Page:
“In a professional context, there is a culture of positive attitude,” said Sheila Harrity, Superintendent and Director of Montachusett, also known as Monty Tech.

A South Texas vocational student is working on a project in September.


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Rural schools innovation zone

Monty Tech is supported by 18 communities in central Massachusetts and offers its 1,435 students a choice of 21 technical programs. Last spring, the Massachusetts Association of Vocational Administrators pooled resources to create a video library taught by expert instructors in a variety of disciplines. Teachers and students can access this library for basic lessons so that they can free up time for individual work or hours of practice.

To open up to in-person learning, Monty Tech has created one-way hallways and stairwells. He marked assigned seats with bar codes in the cafeteria and on buses to allow contact tracing if a student is positive for Covid-19. The school sends quarantine notices to families as needed, Ms Harrity said, and it has closed four times and became completely remote when the number of infections increased.

Still, Monty Tech is on track to get the same number of students this year as it did last year, Ms. Harrity said.

To keep teachers on the job, the school contacted a local boys and girls club to provide them with child care. And to ensure students can gain work experience, Ms Harrity said she negotiated with plumbing and electrical unions to recognize learning hours performed in unusual ways, such as a wiring exercise on an app. .

“They agreed to sit down,” she said of the unions. “Otherwise, they will not have the expected and necessary reserve of labor in their trades.

In the Rural Schools Innovation Zone in South Texas, one of the first adjustments made by school officials was to more than double the number of welding booths to 31 for social distancing, said Michael Gonzalez, Executive Director.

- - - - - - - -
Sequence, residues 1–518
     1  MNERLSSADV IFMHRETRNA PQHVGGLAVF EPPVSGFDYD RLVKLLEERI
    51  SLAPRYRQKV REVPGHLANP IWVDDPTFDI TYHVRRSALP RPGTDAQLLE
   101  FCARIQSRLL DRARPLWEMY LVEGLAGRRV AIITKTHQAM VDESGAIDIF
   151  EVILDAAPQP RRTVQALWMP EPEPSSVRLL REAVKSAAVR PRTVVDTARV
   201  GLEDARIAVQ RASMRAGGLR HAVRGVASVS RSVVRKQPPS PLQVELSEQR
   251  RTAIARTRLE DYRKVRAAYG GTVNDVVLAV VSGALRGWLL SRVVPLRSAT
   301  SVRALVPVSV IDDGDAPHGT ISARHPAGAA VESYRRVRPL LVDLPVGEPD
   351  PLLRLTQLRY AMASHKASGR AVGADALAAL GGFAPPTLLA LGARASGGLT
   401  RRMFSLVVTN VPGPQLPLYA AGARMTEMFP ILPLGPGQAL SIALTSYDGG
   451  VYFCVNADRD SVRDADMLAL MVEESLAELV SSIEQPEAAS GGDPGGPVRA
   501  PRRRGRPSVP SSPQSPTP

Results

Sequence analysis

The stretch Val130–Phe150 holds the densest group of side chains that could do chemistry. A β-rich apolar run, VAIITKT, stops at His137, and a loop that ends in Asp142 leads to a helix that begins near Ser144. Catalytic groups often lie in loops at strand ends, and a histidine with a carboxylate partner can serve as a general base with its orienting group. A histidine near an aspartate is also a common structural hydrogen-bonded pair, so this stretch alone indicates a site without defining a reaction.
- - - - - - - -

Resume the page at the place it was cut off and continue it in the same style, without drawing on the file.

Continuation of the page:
Will the coronavirus pandemic cause long-term changes in higher education? To better understand the challenges facing U.S. colleges and universities, WSJ’s Alexander Hotz spoke with administrators, students, and a higher education futurist. Photo: Robert F. Bukaty / AP

The program is a partnership of three school districts, Brooks County and the communities of Freer and Prémont, providing vocational and technical training and dual enrollment opportunities for a variety of certifications with local colleges. School districts have joined in tackling what Gonzalez called a lack of opportunities for rural, minority and economically disadvantaged students and an alarming dropout rate.

This school year, campus administration teams have customized the schedules of more than 400 students to give them adequate hands-on lab hours and opportunities to earn certifications. In some cases, that means labs are open until 10 p.m. or on Saturdays, Mr Gonzalez said.

Next fall, many schools across the country will need to help students find work after missing in-person training, internships and co-op positions, Imperatore said. “They will always be faced with the kind of downstream effects of learning delays – students who have not been able to complete their industry certification requirements or get the learning hours in mid-grade. work, ”she said.

She expects a backlog of registrations, especially with community colleges, which also have funding issues.

Write to Anne Michaud at [email protected]